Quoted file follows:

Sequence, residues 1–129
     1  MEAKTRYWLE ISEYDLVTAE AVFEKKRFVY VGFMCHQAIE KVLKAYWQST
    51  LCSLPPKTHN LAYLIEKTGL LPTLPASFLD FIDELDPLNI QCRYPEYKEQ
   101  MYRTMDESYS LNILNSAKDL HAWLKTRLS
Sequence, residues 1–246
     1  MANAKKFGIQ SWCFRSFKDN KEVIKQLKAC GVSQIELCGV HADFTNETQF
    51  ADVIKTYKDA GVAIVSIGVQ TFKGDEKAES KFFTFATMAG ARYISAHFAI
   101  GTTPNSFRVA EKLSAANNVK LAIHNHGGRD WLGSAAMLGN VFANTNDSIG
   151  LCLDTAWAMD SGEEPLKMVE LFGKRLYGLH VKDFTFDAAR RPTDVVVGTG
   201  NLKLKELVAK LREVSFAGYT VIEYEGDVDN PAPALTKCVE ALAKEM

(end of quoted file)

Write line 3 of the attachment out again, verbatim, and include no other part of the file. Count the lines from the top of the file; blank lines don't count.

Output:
    51  LCSLPPKTHN LAYLIEKTGL LPTLPASFLD FIDELDPLNI QCRYPEYKEQ